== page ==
Nick Bowman is the proverbial bad boy who returns home to save the family fortune and reputation. Daisy Budd, is the plain sister who falls for him. The romance story is combined with a cozy mystery as Nick and Daisy search for a “blue diamond” and bodies appear in the mortuary turned wedding boutique. Family members with marital problems and crazy citizens who have unique wedding plans add to the zany list of characters that interfere with their love life. I personally thought the older sister’s behavior was forced and not logical and could have been handled differently, but overall, the story worked. Four out of five stars.

HUDSON – Writers have created mystical and magical worlds like Wonderland, Neverland and Camelot to comfort adults and children in times of grief and worry, said Gregory Maguire, the best selling author of “Wicked.” Hiddensee

More than 150 people met the author Nov. 8 at the Hudson Library and Historical Society where Maguire shared his writing experience, and fans could purchase copies of his latest book, “Hiddensee: A Tale of the Once and Future Nutcracker” which imagines the backstory to the classic tale of “The Nutcracker.”

Hiddensee” is a story of hope and intertwines the famous nutcracker with the life of the mysterious toy maker, Drosselmeier, who carves him. 

Written in 1816 by E.T.A. Hoffmann as a story for children, the tale of “The Nutcracker and Mouse King” makes little sense, Maguire said. There’s a lot of digression, and it’s never explained. It’s a “schizophrenic story.”

Then Pyotr Tchaikovsky wrote the musical score and made it a seasonal favorite, he said. Most of the crowd admitted to seeing the annual Christmas ballet.

Maguire said Act 1 was a pretty good story with Clara and The Prince battling the evil Mouse King, but Act 2 was as if a relative “brought out a slide show story from their eight-month vacation trip.”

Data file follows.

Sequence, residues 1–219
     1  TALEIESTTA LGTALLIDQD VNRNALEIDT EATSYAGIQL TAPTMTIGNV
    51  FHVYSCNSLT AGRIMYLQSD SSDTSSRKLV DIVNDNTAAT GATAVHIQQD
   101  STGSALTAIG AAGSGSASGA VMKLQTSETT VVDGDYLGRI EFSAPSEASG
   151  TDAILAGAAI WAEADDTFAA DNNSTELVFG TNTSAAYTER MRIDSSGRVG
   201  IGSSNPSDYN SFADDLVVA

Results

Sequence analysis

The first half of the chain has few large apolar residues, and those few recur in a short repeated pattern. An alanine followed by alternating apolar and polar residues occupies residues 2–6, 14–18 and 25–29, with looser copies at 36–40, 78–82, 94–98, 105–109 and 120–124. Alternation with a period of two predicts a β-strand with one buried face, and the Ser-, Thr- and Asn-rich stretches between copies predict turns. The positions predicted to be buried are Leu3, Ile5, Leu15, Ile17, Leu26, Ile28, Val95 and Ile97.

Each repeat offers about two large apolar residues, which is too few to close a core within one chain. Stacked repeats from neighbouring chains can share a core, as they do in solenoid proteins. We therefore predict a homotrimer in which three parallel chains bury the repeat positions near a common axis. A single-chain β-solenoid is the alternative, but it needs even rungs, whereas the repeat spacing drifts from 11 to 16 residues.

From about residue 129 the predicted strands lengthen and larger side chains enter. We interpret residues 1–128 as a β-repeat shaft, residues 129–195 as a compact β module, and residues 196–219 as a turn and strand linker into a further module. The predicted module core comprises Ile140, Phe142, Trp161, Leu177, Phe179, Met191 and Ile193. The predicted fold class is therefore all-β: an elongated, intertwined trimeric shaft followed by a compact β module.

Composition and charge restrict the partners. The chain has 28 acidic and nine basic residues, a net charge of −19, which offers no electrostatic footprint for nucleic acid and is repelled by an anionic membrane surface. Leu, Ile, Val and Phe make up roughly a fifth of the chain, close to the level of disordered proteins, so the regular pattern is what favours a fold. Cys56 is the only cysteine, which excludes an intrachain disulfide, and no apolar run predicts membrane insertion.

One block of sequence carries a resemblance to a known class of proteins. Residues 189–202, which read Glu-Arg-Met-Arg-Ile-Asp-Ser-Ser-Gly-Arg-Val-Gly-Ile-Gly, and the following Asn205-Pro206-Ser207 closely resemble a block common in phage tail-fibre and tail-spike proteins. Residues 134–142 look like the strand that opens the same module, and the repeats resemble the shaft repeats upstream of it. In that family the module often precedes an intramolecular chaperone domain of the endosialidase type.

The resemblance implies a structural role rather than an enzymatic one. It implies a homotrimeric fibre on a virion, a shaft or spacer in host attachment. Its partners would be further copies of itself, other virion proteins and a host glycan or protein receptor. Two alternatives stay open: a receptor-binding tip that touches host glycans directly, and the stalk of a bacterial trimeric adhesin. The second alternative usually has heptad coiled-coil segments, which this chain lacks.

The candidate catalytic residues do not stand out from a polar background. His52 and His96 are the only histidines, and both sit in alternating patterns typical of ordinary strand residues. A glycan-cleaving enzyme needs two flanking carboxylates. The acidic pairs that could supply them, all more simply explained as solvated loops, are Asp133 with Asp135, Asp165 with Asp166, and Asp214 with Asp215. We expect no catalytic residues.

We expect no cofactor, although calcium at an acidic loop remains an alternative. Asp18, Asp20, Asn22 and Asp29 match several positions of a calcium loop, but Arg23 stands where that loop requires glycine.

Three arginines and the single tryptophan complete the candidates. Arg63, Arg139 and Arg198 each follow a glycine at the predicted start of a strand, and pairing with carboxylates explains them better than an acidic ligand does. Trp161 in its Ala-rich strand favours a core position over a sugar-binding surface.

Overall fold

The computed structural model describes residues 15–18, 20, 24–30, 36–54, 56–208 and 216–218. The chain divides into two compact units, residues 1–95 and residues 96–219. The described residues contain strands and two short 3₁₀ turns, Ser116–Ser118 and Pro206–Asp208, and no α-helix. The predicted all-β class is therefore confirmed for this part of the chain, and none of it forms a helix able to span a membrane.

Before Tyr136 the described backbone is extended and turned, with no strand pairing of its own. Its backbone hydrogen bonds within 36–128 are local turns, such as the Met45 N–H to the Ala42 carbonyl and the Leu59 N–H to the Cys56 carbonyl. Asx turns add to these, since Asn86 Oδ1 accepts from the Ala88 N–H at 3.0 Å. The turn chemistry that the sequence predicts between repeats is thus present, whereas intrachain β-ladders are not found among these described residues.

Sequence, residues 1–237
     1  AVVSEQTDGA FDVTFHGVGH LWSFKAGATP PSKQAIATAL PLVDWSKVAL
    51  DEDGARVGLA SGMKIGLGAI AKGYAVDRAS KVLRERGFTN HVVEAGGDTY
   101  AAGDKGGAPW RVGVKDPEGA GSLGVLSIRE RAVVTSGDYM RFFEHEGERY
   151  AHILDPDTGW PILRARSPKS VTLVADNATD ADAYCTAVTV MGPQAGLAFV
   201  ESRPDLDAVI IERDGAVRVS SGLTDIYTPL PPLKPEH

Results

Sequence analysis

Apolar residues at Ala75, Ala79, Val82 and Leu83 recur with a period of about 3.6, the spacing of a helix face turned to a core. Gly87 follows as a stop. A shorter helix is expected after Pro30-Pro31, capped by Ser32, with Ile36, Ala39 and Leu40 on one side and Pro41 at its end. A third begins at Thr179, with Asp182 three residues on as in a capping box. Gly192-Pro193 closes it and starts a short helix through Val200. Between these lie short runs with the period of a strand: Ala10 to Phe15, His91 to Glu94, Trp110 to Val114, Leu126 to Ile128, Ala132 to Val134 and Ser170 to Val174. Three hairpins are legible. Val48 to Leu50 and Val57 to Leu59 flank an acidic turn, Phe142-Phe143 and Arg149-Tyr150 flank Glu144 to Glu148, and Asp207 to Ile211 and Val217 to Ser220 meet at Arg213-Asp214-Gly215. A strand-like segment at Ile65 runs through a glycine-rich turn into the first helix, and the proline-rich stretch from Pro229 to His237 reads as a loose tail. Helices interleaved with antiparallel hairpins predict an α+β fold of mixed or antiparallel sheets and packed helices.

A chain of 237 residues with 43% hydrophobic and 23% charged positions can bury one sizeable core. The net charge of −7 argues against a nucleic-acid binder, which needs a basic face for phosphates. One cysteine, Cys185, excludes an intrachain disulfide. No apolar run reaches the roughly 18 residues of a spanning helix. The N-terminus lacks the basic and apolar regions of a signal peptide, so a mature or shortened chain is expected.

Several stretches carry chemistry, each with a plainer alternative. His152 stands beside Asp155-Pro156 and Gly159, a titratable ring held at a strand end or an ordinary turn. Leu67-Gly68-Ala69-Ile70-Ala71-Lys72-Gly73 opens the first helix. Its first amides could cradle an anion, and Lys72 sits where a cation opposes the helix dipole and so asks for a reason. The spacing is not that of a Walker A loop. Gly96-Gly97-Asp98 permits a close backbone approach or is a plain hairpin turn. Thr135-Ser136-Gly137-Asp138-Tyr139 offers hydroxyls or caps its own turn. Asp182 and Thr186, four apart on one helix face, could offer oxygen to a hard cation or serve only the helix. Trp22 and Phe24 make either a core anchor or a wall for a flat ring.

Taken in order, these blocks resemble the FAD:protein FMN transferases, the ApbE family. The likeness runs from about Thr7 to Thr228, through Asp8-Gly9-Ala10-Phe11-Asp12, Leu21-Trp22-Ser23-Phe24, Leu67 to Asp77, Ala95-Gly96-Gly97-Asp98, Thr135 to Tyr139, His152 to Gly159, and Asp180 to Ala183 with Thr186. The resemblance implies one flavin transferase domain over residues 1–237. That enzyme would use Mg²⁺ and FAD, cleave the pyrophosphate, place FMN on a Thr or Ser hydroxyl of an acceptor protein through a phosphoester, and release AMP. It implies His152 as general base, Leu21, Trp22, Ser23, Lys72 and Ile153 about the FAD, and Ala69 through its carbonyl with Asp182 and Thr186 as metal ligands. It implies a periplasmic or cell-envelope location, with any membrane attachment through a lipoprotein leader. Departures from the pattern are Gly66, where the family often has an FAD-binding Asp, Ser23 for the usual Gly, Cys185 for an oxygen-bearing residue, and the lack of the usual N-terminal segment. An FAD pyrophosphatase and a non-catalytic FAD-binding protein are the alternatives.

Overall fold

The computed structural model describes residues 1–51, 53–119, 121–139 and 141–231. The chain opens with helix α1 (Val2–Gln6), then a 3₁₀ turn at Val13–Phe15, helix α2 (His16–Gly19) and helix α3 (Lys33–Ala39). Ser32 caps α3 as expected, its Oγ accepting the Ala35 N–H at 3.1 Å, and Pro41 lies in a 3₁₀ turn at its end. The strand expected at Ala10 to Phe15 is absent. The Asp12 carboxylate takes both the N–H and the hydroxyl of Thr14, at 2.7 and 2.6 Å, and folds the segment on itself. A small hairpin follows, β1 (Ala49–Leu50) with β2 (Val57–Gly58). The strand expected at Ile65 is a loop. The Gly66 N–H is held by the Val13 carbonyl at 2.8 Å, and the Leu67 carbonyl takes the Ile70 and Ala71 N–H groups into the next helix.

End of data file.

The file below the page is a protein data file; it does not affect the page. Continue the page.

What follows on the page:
The dances have nothing to do with Clara or the Mouse King, Maguire said.

Hiddensee” creates a backstory for “The Nutcracker,” much like “Wicked” created the backstory for the wicked witch of the west in “The Wizard of Oz.”

Raised in a strict household, “The Wizard of Oz” was the one movie Maguire and his six siblings were allowed to watch.

I would organize a play around it and cast parts,” Maguire said. “If you take all the music out of it, it runs 12 minutes.”

Then Maguire would mix up the story and add characters such as Captain Hook and Tinkerbell.

If you add something, the story can’t end the same,” Maguire said.

One version of the story had Captain Hook marrying the wicked witch and having “Little Hookin’s and Snookin’s.”

His father was a journalist and his stepmother a poet, and Maguire said he began writing “Wicked” in the second grade.

The story belonged to us, and I played it over and over again,” he said.

Maguire shared early handwritten stories and drawings, which included fires and people falling out of windows.

They were always filled with adventure,” he said. “I liked to save them in the end.”

Maguire was 24 when his first book, “The Lightning Time” was published. He has written 25 children’s books and 10 adult books.

While living in London, he read about a brutal murder, which made him think about the antagonist in a story, he said.

How do people go from healthy to being guilty of murder? Or a monster?” he said.

He thought about the witch in the “Wizard of Oz” who was bad, Maguire said. That meant she was unredeemable, and it was all right to vanquish her.

There was no backstory for the witch,” Maguire said.

He decided to create one and wrote “Wicked” in five months.

It was my first royalty check with more money than enough for two hamburgers,” Maguire said. “I thought they made a mistake.”